How did the blues begin? Many music historians site elements of African drumming in the blues and jazz. As Hughes in
The First Book of Jazz
writes, “for centuries, folks in West Africa have worked to rhythm, rowed boats to rhythm, pounded their corn to rhythm, built their houses to rhythm” (Hughes, 5). African slaves carried these rhythms in their bosoms across ocean to the Americas. Hence the work song emerged. Eventually the rhythm of the drums and the work songs became a part of blues. Accordingly, Langston Hughes offers this possible scenario to explain how the blues songs began:
Maybe somebody somewhere in the Deep South long ago started to make up a song that began with a kind of field holler. Perhaps the man was working in a rice field on a hot day when a song came into his head, then out of his mouth, like this:
Oh, the sun is so hot and the day is so doggone longÉ
Then when he couldn’t think of anything else right away to go with it, he repeated the same lines:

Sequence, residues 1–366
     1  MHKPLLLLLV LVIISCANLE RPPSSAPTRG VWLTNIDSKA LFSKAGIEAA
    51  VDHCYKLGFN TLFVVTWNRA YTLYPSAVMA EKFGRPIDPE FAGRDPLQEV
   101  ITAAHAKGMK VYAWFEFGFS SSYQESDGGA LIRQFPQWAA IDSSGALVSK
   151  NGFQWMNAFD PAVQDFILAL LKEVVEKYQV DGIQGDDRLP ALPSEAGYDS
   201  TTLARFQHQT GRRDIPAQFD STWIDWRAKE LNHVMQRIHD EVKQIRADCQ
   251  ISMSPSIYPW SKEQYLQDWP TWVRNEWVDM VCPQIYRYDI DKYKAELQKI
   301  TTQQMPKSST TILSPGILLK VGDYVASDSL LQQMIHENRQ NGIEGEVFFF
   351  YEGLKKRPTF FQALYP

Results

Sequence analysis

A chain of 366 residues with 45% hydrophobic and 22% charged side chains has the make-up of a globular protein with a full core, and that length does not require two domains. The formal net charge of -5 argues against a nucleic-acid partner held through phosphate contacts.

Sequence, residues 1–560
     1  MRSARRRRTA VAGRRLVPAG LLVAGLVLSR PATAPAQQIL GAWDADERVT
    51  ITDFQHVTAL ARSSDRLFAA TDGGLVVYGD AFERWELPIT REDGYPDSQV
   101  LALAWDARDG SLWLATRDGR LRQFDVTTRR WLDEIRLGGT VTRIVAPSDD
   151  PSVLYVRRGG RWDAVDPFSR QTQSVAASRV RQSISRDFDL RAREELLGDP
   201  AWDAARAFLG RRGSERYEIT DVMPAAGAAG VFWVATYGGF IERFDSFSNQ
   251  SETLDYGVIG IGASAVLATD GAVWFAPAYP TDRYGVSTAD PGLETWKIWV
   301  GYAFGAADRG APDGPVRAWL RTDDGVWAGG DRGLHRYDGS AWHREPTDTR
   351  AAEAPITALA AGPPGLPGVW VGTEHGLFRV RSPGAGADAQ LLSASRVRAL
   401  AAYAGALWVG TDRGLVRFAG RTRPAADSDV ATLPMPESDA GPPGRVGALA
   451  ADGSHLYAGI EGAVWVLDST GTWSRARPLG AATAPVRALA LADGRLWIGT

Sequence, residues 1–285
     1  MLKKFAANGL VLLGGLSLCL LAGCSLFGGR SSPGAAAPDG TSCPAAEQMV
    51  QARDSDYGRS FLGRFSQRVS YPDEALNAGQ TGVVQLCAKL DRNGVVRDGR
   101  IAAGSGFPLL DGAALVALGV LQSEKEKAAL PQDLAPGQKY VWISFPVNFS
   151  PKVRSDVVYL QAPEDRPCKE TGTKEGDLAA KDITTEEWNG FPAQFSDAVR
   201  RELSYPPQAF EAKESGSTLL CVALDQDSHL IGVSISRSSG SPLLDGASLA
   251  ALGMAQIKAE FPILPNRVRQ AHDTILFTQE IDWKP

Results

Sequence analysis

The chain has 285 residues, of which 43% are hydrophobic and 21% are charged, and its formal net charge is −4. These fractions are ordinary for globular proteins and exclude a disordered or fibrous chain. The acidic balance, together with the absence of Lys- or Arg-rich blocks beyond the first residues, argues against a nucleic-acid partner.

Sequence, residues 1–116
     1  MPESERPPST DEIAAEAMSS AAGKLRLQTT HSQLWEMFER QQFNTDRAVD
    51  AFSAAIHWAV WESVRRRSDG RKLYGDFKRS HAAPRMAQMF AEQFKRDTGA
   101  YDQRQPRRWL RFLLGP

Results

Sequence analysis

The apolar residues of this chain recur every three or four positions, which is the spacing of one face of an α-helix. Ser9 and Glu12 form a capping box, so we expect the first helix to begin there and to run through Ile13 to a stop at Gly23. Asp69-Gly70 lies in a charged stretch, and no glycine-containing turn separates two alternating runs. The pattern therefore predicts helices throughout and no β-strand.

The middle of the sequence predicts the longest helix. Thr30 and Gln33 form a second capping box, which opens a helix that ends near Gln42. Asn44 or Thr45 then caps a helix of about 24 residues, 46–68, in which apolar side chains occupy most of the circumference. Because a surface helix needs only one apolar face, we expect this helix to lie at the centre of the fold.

Yes, the sun is so hot and the day is so doggone longÉ.
But by that time he had a new thought:
And that is the reason I’m singing this doggone song.
Something like that must have happened the day the first blues was born, for that is the pattern of the blues: a twelve-bar musical pattern—one long line of four bars to rhyme with the first two lines that are always the same. Their melody and beat are like those of a field holler.
He continues to explain the format of the blues indicating that the melodies can also be written around five notes and that blues are almost always sad songs, songs about being out of work, broke, hungry, far away from home, wanting to get on a train but having no ticket, or being lonely when someone you love has gone . . . But behind the sadness in blues there is almost always laughter and strength.